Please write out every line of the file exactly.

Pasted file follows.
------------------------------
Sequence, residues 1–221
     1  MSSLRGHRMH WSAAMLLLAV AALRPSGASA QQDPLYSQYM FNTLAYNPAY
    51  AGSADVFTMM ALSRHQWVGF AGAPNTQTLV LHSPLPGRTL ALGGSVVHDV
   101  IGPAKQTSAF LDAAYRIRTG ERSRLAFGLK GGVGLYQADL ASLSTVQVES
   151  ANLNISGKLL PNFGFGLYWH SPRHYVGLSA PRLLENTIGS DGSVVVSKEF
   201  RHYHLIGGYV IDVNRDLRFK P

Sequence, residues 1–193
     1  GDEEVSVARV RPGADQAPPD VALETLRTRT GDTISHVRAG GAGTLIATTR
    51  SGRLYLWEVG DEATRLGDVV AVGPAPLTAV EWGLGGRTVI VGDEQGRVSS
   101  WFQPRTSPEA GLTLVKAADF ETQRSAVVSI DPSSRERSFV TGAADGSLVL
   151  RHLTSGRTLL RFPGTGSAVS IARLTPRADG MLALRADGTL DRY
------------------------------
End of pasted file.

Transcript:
Sequence, residues 1–221
     1  MSSLRGHRMH WSAAMLLLAV AALRPSGASA QQDPLYSQYM FNTLAYNPAY
    51  AGSADVFTMM ALSRHQWVGF AGAPNTQTLV LHSPLPGRTL ALGGSVVHDV
   101  IGPAKQTSAF LDAAYRIRTG ERSRLAFGLK GGVGLYQADL ASLSTVQVES
   151  ANLNISGKLL PNFGFGLYWH SPRHYVGLSA PRLLENTIGS DGSVVVSKEF
   201  RHYHLIGGYV IDVNRDLRFK P

Sequence, residues 1–193
     1  GDEEVSVARV RPGADQAPPD VALETLRTRT GDTISHVRAG GAGTLIATTR
    51  SGRLYLWEVG DEATRLGDVV AVGPAPLTAV EWGLGGRTVI VGDEQGRVSS
   101  WFQPRTSPEA GLTLVKAADF ETQRSAVVSI DPSSRERSFV TGAADGSLVL
   151  RHLTSGRTLL RFPGTGSAVS IARLTPRADG MLALRADGTL DRY